Enamel Vs. Oil Media For Paintings
If you’re interested in curating rich and vibrant paintings, enamel and oil paintings are great options to try. Each media for painting offers unique advantages which can enhance the beauty of your art. However, if it’s your first time buying art, you may be unaware of these pros and perhaps even the cons of each option.
To help you determine which one is suitable for your taste and space, fine arts expert Vargas Reis has compared enamel vs. oil media for paintings in this blog. Keep reading to see how they stack up against each other so you know which is the best for you.
a. Enamel painting
Over the years, I have developed a unique technique that involves a highly specialized application of enamel paints that provide brilliant colours on wooden surfaces. Enamel paints are fantastic at creating the impression of the paint always being wet. The sheen they create is unbeatable as it gives the painting a vibrant look. Also, paintings made with the “enamel technique” are extremely durable and resistant to UV lighting and touching.
The downside to using enamel paints is that detail for small parts of the painting can’t be achieved with ease. Enamel painting is also a time-consuming process, and the collector might have to wait a few months for a piece. Additionally, when putting up these paintings, one must be mindful of placement. As they are highly glossy, they shouldn’t be placed in direct light. Otherwise, they will be very shiny.
b. Oil painting
These paintings usually have a depth of colour, and great details on the subjects can be achieved with this paint. Moreover, 3D effects can be created by applying multiple layers of oil paint through a “glazing” technique.
That said, even though they can be repaired, oil paintings are fragile and susceptible to UV lighting. So, they need to be well protected from the sun. Similarly, just like with enamels, oil painting is a time-consuming process, and the collector might have to wait a few months for a piece.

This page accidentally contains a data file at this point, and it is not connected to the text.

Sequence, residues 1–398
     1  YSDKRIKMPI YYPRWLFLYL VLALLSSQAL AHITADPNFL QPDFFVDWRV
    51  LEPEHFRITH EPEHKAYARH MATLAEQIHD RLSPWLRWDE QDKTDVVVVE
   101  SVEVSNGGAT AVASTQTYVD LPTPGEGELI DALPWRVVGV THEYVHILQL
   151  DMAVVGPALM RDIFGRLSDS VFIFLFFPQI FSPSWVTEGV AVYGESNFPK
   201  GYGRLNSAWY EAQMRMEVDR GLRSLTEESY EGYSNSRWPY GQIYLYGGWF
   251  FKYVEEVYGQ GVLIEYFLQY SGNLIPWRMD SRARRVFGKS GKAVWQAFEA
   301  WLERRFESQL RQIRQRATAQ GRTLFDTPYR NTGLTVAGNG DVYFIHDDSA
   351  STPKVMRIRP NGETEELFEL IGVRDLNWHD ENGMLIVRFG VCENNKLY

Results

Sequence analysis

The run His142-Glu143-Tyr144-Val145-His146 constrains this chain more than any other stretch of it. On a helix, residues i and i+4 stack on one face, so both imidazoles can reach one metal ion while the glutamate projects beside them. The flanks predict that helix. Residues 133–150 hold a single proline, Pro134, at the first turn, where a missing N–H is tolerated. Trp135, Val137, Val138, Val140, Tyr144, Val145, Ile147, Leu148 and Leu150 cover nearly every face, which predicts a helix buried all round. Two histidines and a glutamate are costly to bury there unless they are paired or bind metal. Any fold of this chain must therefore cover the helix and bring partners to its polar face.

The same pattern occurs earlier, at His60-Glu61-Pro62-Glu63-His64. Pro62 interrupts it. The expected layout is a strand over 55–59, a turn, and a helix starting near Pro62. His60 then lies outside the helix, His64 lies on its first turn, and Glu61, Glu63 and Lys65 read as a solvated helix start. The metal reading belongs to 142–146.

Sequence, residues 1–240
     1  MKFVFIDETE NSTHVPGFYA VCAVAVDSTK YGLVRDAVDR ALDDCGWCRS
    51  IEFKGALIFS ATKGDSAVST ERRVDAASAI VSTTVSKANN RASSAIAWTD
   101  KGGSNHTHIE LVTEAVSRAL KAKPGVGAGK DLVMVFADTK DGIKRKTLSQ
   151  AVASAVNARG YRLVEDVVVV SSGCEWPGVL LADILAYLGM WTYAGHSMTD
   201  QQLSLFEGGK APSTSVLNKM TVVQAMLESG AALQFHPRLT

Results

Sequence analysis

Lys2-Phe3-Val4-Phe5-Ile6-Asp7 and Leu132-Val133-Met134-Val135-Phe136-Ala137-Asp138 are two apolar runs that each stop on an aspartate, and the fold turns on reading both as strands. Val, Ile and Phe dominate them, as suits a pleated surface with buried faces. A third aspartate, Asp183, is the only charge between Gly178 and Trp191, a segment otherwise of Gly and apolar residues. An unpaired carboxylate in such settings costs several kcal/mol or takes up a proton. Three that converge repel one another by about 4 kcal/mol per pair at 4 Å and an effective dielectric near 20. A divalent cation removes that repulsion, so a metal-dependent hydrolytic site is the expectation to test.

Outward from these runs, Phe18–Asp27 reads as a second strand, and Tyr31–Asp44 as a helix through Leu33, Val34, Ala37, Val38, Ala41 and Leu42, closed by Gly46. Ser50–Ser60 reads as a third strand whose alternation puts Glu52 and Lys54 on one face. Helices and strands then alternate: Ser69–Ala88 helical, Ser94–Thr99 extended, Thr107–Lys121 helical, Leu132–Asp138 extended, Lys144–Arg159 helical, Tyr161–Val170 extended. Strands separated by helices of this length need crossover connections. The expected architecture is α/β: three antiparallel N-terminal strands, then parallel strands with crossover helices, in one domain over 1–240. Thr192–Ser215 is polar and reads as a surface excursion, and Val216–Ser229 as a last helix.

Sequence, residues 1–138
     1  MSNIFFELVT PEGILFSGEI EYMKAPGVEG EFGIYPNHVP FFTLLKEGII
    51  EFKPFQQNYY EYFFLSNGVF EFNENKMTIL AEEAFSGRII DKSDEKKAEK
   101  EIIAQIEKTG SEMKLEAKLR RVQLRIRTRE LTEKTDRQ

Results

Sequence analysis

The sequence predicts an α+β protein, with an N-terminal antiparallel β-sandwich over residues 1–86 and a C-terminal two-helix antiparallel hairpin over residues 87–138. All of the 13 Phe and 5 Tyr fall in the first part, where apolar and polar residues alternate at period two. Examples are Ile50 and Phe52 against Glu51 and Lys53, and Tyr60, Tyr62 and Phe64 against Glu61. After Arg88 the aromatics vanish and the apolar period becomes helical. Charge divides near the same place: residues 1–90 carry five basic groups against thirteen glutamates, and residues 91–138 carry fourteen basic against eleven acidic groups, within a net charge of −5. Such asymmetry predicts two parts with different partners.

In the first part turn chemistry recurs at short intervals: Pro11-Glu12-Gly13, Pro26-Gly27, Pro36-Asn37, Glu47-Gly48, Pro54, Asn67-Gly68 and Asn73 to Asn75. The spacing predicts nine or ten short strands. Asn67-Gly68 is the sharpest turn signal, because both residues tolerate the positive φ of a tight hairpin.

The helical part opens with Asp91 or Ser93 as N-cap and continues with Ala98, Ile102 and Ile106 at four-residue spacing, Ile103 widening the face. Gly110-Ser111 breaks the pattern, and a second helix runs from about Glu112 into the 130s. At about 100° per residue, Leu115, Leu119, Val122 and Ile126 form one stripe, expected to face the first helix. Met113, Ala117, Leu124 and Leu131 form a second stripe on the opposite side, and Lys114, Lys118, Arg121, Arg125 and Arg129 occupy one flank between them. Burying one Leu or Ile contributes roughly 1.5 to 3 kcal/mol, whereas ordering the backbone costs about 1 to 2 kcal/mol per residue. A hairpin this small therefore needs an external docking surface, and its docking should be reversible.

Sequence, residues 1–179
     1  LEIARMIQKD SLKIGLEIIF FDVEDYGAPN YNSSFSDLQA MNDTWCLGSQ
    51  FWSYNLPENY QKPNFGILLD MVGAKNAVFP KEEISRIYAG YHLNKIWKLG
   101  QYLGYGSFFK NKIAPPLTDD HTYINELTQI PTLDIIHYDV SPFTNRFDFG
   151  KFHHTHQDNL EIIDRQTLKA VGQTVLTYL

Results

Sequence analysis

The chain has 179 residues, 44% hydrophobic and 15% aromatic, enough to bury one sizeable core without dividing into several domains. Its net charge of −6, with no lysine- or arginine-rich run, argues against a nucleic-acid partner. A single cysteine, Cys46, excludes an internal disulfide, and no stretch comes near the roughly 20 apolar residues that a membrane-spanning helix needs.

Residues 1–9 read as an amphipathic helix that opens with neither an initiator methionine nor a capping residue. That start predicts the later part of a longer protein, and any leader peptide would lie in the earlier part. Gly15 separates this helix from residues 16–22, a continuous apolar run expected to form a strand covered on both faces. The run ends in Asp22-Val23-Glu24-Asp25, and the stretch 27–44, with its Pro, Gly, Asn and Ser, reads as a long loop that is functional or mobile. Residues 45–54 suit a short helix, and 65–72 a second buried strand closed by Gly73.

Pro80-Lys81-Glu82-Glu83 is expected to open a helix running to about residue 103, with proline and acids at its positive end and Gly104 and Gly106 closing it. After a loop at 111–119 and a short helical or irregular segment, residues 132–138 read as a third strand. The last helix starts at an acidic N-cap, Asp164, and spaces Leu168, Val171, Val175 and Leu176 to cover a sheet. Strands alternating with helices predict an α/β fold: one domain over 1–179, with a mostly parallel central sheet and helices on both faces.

Which option is better?
While either painting method could work for any art collector, the choice between the two options depends on the collector’s preference. The first one, using enamel paintings, is a very unique process developed by me. As a result, the artwork is one of a kind and impossible to replicate. However, If a collector wants a lot of detail on their artwork, I would recommend an oil painting. But, whatever paint you do choose, know that both media are extremely beautiful and bound to bring your art to life.
To learn more about fine art, reach out to Vargas Reis. I am a Canadian contemporary artist, and my work is a compilation of emotions and life experiences based on a contemporary perspective. I like to use drawing, painting, waxing, and collaging when creating art because I like experimenting. I also believe that experimenting with the materials, textures, and colours mother earth has given us can be fun and can unveil unique creations.